Quantitative whole-body magnetic resonance imaging in children with Pompe disease: Clinical tools to evaluate severity of muscle disease.

Journal Article (Journal Article)

OBJECTIVE: Since the introduction of enzyme replacement therapy (ERT) with alglucosidase alfa, there has been increased survival in patients with Pompe disease. It is essential to characterize and quantify the burden of disease in these patients. Here, we report a measure of muscle fat infiltration in children with infantile and pediatric late-onset Pompe disease (IPD and LOPD, respectively) to better understand the extent of muscle involvement. METHODS: Eleven pediatric patients with Pompe disease (five IPD, six LOPD), ages 7-17 years, received whole-body magnetic resonance imaging (WBMRI), muscle strength testing using the modified Medical Research Council (mMRC) scale, functional assessment using gait, stairs, gowers, chair (GSGC), and urine glucose tetrasaccharide (Glc4) testing. The intramuscular fat seen on WBMRI was quantified using proton density fat fraction (PDFF) and correlated to appropriate muscle strength and functional tests, and urine Glc4. RESULTS: Patients with IPD, although younger, had higher mean PDFF values than LOPD patients (11.61% vs 8.52%). Significant correlation existed between PDFF and the GSGC assessment (r = .9273, P = .0003). Moderate correlation existed between PDFF and mMRC (r = -.667, P = .0831), and PDFF and urine Glc4 (r = .6121, P = .0667). Anterior tibialis was in the top quartile of muscle involvement for patients with LOPD. CONCLUSION: In the past, physical therapy assessments alone have been used to track disease progression. Here, we show the clinical utility of WBMRI in quantifying muscle involvement in children with Pompe disease, especially regarding the novel involvement of anterior tibialis in children with LOPD, to better assess baseline muscle burden and mapping disease progression in children treated with ERT.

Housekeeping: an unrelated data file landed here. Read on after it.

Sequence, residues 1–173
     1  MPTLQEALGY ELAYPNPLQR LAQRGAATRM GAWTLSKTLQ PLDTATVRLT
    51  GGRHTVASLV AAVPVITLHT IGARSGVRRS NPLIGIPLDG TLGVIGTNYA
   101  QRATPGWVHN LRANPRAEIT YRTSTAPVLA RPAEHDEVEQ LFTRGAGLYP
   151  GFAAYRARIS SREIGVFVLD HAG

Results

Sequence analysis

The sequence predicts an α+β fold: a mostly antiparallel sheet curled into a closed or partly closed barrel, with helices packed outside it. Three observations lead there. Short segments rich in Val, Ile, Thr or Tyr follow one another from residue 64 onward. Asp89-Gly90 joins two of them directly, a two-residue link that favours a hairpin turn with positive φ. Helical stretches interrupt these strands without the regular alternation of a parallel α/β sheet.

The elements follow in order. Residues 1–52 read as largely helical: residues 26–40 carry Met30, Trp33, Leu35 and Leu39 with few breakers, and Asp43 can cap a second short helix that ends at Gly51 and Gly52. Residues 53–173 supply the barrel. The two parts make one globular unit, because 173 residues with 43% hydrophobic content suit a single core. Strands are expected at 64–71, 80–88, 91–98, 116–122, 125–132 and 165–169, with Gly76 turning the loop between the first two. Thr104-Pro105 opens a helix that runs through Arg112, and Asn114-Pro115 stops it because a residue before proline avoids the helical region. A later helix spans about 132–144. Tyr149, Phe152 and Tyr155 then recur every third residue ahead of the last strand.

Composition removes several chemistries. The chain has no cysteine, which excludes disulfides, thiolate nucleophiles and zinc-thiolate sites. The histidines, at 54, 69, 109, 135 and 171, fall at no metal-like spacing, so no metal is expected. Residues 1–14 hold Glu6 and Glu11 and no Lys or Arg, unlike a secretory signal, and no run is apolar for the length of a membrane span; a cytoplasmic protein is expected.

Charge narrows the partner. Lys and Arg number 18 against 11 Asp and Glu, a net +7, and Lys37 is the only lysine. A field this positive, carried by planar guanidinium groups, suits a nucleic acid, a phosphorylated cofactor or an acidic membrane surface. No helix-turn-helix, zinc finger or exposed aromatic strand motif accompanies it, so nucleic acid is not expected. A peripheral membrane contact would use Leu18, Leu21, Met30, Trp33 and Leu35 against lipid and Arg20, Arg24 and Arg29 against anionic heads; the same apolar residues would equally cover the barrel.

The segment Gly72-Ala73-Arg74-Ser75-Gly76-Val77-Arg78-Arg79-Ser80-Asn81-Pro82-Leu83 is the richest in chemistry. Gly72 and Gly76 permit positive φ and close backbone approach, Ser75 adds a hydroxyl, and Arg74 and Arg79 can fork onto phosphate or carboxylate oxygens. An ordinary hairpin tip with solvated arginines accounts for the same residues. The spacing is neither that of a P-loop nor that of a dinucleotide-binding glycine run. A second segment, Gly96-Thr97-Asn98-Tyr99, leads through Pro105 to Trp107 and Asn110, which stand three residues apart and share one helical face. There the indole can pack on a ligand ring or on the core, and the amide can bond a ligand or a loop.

Full Text

Duke Authors

Cited Authors

  • Fernandes, SA; Khan, AA; Boggs, T; Bowling, M; Austin, S; Stefanescu, M; Case, L; Kishnani, PS

Published Date

  • January 2021

Published In

Volume / Issue

  • 57 / 1

Start / End Page

  • 94 - 101

PubMed ID

  • 33473345

Pubmed Central ID

  • PMC7802624

International Standard Serial Number (ISSN)

  • 2192-8304

Digital Object Identifier (DOI)

  • 10.1002/jmd2.12174


  • eng

Conference Location

  • United States